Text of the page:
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Best Management Practices
What are the most common sediment and erosion controls? 

There are a variety of devices for controlling sediment and erosion on active construction sites. Below are examples of common devices, or BMPs (Best Management Practices).

 Silt Fence/Super Silt Fence
  • Used to control the perimeter of disturbed areas.
  • Consists of geotextile fabric stretched across posts. Wire or chain link fence may support the fabric.
  • Lower edge of the fence is vertically trenched to create a barrier.
  • Used in small drainage areas to detain and prevent sediment from entering receiving waters.
  • Super Silt Fence is backed by steel fence posts and chain link and is used where a more robust fence is needed. 
GOOD
Super silt fence in good condition
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Super silt fence in poor condition

Compost Filter Logs
  • Composed of tubular mesh casing filled with composted hardwood mulch.
  • Mulch acts as a filter media by retaining sediment and filtering runoff.
  • Alternative to silt fence and can be used in hard to reach areas such as frozen ground or pavement.
  • Does not require trenching and can be used near tree roots.
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Compost filter logs
 POOR
Filter log in poor condition

Stabilized Construction Entrance (SCE)
  • Installed where vehicles, equipment and machinery enter and exit an active construction site.
  • Consists of 2-3” diameter stone with filter fabric placed beneath.
  • Designed to reduce the amount of sediment transported onto public roadways by vehicle traffic.
  • Reduces sediment tracking by removing dirt and sediment from tires or treads.
  • Routine maintenance and replacement is critical for proper function.
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Stabilized construction entrance in good condition
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Stabilized construction entrance in poor condition

Inlet Protection

  • Placed around an inlet or drain to trap and prevent sediment from entering inlet structures.
  • Prevents the silting-in of inlets, storm drainage systems, or receiving channels.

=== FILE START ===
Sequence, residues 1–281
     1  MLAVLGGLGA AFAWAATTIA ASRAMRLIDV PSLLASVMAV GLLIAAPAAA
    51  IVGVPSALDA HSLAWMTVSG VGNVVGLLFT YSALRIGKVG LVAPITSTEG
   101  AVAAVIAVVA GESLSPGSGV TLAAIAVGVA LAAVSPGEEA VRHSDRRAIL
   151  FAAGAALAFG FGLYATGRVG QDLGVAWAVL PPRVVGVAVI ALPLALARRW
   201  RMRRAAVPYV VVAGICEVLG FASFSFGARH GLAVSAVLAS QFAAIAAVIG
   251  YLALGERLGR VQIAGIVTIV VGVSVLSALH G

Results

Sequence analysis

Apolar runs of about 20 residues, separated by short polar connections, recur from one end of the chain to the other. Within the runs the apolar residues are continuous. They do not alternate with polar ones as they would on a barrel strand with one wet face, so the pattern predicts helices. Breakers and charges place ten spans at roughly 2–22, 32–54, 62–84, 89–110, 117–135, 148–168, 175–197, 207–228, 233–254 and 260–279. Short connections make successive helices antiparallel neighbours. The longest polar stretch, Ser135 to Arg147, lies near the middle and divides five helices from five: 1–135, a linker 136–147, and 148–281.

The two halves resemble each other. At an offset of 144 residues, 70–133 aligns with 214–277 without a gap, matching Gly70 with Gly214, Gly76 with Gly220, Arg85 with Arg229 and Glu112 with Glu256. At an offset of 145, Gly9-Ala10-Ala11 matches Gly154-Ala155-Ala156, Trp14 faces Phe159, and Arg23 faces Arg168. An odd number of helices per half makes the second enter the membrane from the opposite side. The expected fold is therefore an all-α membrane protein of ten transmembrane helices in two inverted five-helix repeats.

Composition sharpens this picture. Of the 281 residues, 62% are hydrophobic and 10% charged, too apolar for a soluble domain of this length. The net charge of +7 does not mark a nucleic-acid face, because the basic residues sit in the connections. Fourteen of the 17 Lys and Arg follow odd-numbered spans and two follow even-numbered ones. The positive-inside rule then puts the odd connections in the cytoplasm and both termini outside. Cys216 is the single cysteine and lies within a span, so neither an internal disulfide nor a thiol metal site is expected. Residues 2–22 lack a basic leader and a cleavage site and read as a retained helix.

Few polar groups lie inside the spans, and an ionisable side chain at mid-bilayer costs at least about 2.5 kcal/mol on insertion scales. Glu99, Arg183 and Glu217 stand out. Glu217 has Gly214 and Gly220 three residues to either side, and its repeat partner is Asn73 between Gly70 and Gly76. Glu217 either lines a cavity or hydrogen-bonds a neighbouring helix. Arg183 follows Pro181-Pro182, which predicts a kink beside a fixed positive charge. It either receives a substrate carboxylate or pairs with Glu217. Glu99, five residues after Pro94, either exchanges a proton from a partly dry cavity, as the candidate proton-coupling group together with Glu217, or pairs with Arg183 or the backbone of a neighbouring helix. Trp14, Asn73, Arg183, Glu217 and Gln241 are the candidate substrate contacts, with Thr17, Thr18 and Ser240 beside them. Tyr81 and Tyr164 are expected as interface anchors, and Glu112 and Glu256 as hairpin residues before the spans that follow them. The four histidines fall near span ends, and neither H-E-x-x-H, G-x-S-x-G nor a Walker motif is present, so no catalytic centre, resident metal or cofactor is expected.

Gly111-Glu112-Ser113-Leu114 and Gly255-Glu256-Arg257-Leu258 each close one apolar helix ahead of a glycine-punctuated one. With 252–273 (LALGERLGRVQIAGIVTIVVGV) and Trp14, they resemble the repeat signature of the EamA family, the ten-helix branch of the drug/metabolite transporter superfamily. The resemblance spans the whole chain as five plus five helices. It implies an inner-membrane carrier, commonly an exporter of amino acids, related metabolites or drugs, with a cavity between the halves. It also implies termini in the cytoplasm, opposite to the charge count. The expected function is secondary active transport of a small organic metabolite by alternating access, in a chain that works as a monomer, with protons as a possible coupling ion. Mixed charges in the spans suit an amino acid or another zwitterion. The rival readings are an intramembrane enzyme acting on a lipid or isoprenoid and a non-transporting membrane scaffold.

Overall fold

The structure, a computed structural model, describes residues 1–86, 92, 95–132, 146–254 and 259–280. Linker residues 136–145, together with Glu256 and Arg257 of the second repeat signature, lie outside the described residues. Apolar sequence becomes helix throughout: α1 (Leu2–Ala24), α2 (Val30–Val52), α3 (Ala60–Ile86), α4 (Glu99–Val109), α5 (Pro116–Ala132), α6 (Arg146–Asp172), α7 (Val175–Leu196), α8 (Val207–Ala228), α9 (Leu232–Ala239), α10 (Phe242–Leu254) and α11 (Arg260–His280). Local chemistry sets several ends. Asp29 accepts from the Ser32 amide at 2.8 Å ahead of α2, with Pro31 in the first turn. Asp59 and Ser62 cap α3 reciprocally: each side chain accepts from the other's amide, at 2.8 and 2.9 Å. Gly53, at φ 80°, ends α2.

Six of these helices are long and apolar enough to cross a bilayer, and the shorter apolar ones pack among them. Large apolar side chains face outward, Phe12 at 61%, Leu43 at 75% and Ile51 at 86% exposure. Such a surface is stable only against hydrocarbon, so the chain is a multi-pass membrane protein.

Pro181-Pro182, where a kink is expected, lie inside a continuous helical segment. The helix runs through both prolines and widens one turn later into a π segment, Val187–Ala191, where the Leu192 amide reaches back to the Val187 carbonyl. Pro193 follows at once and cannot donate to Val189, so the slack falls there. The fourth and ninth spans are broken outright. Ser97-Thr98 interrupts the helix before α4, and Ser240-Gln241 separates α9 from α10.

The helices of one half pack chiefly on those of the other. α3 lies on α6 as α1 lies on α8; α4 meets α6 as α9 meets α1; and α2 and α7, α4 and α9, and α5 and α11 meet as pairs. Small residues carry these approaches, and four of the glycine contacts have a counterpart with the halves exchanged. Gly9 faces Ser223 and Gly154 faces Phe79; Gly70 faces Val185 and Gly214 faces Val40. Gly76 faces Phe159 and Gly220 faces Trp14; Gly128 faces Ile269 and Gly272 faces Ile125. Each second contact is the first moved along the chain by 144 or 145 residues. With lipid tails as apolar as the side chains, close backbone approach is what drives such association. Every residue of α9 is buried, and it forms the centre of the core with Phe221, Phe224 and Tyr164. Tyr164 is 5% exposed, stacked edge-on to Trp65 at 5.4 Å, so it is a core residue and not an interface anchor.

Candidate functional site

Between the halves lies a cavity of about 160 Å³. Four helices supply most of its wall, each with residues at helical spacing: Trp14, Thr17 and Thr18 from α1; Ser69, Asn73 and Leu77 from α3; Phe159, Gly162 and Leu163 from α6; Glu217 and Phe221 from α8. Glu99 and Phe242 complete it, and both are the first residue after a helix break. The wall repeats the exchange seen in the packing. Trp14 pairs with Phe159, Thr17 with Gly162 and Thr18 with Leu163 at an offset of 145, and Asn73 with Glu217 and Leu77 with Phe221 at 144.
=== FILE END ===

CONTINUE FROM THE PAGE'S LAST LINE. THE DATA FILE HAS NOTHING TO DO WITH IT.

• Composed of filter fabric, gravel and stone with a wire mesh filter, block and gravel or a combination.
  • Secured filter logs may also be used.
  • Routine maintenance and replacement is crucial for proper function.

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Inlet protection in good condition
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Inlet protection in poor condition

Temporary Stabilization
  • Used to provide cover and stabilization to disturbed soils when they become inactive. 
  • Mandatory after 7 calendar days of inactivity temporary stabilization is mandatory. 
  • Consists of seed and straw (hay) mulch is the most common type of temporary stabilization.
  • Other types include mats or “rolled erosion control products” and sprayed on wood fiber and seed mixtures (hydroseeding).
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Temporary Stabilization

Concrete Washout Structure 
  • Used to contains concrete washout and wastewater.
  • Provides location for ready mix concrete trucks to washout their hoppers, chutes and drums without depositing wastewater offsite or in an area onsite where it will runoff during a rain event. 
  • Composed of hay bails and plastic lining.
  • Routine maintenance, replacement and/or inspection for holes or tears is critical for proper function.
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Concrete washout structure

Permanent Stabilization
  • All disturbed areas require permanent stabilization immediately after construction is complete in those areas. 
  • Composed of Permanent Seeding and Planting, Mulching, Geotextiles, and/or Sod Stabilization
  • Reduces the amount of sediment potentially leave your site. 
  • If vegetation fails to grow and thrive, soil test and amendment is recommended and even required on some plans. For more resources, visit the UMD Extension.
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Properly stabilized soil after construction

Find more examples and specifications in the 2011 Maryland Standards and Specifications for Soil Erosion and Sediment Control.